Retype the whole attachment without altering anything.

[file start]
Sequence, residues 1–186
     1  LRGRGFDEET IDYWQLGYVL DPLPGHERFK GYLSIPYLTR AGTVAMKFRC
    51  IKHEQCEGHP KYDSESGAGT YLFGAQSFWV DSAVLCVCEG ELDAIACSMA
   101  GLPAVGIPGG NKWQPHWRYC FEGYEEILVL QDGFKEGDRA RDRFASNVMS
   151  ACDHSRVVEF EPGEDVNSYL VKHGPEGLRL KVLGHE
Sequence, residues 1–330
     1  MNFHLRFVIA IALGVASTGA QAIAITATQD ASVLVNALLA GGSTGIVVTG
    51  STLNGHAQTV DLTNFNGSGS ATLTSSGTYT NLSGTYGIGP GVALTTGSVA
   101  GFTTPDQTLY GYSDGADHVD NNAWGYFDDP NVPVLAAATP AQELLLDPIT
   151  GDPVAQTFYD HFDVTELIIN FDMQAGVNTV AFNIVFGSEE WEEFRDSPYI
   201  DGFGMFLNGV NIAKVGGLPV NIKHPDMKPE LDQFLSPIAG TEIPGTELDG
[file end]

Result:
Sequence, residues 1–186
     1  LRGRGFDEET IDYWQLGYVL DPLPGHERFK GYLSIPYLTR AGTVAMKFRC
    51  IKHEQCEGHP KYDSESGAGT YLFGAQSFWV DSAVLCVCEG ELDAIACSMA
   101  GLPAVGIPGG NKWQPHWRYC FEGYEEILVL QDGFKEGDRA RDRFASNVMS
   151  ACDHSRVVEF EPGEDVNSYL VKHGPEGLRL KVLGHE
Sequence, residues 1–330
     1  MNFHLRFVIA IALGVASTGA QAIAITATQD ASVLVNALLA GGSTGIVVTG
    51  STLNGHAQTV DLTNFNGSGS ATLTSSGTYT NLSGTYGIGP GVALTTGSVA
   101  GFTTPDQTLY GYSDGADHVD NNAWGYFDDP NVPVLAAATP AQELLLDPIT
   151  GDPVAQTFYD HFDVTELIIN FDMQAGVNTV AFNIVFGSEE WEEFRDSPYI
   201  DGFGMFLNGV NIAKVGGLPV NIKHPDMKPE LDQFLSPIAG TEIPGTELDG